The windows of your home open up to the outdoors, a way to let light in as you appreciate the view of your garden, yard or other surroundings. The last thing you need to see is a sweaty window covered in a coating of condensation.
Not only are windows covered in condensation unattractive, they also can be a sign of a more substantial air-quality problem throughout your home. Thankfully, there’s multiple things you can try to address the problem.
What Causes Condensation in Windows
Condensation on the inside of windows is formed by the moist warm air in your home reaching the colder surface of the windows. It’s particularly commonplace around the winter when it’s much chillier outside than it is in your home.
Inside Moisture vs. In Between Panes
When dealing with condensation, it’s crucial to know the contrast between moisture on the inside of your windows compared to moisture in between the windowpanes. One is an air-quality issue and the other is a window issue.
- Moisture within a window is caused from the warm moist air throughout your home forming along the glass.
- Any moisture you notice between windowpanes is produced when the window seal stops working and moisture gets in between the two panes of glass, and at that point the window should be repaired or replaced.
- Condensation inside the windows isn’t a window problem and can instead be resolved by adjusting the humidity across your home. Many things generate humidity in a home, like showers, cooking, laundry or even breathing.
Why Condensation on Windows Can Be a Problem
Although you might presume condensation in your windows is a cosmetic concern, it may also be evidence your home has higher humidity. If this is the case, water may also be collecting on window frames, cold walls or other surfaces. Even a thin film of water can cause wood surfaces to mildew or rot over time, promoting the growth of mildew or mold.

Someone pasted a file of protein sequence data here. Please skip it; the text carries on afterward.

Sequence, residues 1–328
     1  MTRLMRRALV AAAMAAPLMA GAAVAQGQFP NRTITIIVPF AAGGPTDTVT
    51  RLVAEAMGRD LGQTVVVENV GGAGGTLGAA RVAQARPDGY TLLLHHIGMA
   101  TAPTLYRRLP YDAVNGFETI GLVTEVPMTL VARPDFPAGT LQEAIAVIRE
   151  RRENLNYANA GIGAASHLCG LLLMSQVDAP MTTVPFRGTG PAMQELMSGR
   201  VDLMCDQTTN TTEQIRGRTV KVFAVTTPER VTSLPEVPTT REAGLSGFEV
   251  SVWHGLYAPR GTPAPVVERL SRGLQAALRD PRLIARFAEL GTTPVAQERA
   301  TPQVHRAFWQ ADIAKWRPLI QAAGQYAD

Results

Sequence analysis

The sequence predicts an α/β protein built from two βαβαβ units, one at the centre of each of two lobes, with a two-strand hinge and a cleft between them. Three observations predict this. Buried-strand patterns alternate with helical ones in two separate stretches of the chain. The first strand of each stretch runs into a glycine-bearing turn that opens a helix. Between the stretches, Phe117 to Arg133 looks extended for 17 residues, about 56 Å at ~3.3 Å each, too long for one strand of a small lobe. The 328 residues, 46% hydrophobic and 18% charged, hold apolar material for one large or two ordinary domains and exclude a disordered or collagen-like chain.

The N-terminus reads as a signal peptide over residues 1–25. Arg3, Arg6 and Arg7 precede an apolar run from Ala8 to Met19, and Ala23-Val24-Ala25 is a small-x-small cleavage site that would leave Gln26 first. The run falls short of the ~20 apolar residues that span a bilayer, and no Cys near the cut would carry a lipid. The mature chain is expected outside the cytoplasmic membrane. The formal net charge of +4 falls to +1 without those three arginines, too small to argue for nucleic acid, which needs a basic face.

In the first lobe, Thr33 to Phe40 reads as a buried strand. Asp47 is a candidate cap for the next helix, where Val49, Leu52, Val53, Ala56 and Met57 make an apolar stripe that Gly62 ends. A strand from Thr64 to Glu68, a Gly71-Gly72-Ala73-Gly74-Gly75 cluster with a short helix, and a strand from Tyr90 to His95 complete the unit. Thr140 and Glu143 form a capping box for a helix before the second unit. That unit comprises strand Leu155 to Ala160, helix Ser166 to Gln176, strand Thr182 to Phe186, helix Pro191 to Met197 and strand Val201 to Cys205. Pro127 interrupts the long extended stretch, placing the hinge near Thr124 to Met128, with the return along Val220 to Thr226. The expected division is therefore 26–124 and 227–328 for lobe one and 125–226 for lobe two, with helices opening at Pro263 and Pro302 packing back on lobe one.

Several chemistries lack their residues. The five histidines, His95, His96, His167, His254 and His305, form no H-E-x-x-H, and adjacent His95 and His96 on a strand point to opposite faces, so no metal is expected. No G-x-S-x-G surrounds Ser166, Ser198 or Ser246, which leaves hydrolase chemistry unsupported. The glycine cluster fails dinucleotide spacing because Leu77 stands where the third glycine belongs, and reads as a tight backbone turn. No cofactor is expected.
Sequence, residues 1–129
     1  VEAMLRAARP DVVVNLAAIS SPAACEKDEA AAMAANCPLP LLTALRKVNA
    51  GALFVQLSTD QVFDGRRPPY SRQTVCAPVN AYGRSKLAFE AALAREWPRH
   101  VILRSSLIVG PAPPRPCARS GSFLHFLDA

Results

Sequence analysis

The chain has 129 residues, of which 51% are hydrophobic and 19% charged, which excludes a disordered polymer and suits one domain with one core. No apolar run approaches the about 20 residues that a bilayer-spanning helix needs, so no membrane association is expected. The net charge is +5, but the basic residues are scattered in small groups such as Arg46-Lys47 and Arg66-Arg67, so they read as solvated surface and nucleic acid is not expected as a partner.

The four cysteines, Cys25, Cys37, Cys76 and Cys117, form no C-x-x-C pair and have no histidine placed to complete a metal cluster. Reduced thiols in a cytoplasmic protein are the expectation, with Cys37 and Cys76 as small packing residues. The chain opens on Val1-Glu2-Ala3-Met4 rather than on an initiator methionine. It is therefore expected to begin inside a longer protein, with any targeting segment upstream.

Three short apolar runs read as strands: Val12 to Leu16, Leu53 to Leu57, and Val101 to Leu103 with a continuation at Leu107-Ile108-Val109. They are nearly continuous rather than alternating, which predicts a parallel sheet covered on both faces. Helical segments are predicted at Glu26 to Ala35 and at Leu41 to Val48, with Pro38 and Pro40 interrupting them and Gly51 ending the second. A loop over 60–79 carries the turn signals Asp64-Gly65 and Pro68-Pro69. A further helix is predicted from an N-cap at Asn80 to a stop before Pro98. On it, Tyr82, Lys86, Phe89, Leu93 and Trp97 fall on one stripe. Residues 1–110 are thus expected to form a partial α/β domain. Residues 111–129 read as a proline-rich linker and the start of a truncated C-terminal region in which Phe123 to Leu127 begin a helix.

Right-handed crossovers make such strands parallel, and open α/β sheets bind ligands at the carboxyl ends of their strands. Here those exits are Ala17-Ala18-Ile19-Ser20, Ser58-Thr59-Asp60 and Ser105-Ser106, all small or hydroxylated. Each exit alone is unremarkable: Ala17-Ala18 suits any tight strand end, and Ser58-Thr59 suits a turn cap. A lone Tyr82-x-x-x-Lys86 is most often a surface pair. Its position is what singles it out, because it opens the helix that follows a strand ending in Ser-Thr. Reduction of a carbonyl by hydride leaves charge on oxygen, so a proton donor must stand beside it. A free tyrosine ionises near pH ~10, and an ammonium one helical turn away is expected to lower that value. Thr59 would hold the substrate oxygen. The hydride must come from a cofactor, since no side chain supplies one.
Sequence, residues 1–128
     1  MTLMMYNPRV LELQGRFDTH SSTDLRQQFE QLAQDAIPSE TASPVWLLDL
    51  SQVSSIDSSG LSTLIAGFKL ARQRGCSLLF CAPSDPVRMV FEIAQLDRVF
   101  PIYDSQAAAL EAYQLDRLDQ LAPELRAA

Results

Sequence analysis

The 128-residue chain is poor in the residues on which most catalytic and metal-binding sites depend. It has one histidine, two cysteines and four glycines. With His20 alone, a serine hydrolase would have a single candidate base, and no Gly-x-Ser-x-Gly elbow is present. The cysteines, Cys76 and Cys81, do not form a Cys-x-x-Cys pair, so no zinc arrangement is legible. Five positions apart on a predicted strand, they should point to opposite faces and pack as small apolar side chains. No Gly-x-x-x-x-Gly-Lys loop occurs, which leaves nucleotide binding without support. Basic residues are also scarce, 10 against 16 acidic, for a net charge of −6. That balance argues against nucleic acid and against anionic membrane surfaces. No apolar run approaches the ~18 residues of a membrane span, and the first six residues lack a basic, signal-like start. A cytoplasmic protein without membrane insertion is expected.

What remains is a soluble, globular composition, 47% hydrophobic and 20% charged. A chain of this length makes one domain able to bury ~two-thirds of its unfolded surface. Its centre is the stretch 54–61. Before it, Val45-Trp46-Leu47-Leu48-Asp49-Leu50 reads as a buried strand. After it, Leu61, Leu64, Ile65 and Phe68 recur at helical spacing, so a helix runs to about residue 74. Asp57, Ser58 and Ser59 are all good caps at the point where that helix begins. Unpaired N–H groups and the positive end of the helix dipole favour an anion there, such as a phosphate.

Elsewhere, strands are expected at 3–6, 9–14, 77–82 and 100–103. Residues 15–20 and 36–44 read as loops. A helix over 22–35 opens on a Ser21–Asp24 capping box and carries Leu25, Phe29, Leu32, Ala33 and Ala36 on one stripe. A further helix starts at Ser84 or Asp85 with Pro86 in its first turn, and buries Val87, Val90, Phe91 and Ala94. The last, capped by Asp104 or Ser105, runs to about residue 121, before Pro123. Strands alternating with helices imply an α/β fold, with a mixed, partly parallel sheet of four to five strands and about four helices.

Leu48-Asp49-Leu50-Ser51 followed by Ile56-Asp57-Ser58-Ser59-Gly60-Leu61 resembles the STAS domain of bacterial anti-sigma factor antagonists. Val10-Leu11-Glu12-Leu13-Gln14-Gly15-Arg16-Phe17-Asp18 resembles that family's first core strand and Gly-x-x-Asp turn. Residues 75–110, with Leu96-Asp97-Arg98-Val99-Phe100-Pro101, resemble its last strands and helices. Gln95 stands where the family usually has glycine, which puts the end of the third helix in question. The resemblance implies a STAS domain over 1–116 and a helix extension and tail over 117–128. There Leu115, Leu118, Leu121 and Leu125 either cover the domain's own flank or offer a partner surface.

How to Lower Humidity Inside Your Home
Fortunately there are various options for eliminating moisture from the air inside your home.
If you have a humidifier active in your home – whether it be a small-scale unit or a whole-house humidifier – lower it further so the humidity inside your home decreases.
If you don’t have a humidifier running and your home’s humidity level is higher than you prefer, consider getting a dehumidifier. While humidifiers add moisture in your home so the air doesn’t become too dry, a dehumidifier extracts excess moisture out of the air.
Small, portable dehumidifiers can remove the water from one room. However, these units require emptying out water trays and usually service a somewhat limited area. A whole-house dehumidifier will extract moisture throughout your entire home.
Whole-house dehumidifier systems are controlled by a humidistat, which enables you to establish a humidity level the same as you would choose a temperature on your thermostat. The unit will begin running automatically when the humidity level overtakes the set level. These systems work with your home’s HVAC system, so you will want to contact experienced professionals for whole-house dehumidifier installation Montoursville.
Additional Ways to Decrease Condensation on Windows
- Exhaust fans. Adding exhaust fans around humidity hotspots like the bathroom, laundry room or above the kitchen range can help by extracting the warm, moist air from these rooms out of your home before it can raise the humidity level throughout your home.
- Ceiling fans. Spinning ceiling fans can also keep air swirling within the home so humid air doesn’t get stuck in one spot.
- Opening up window treatments. Opening the blinds or drapes can lower condensation by stopping the warm air from being stuck against the windowpane.
By reducing humidity in your home and moving air throughout your home, you can make the most of clear, moisture-free windows even during the winter.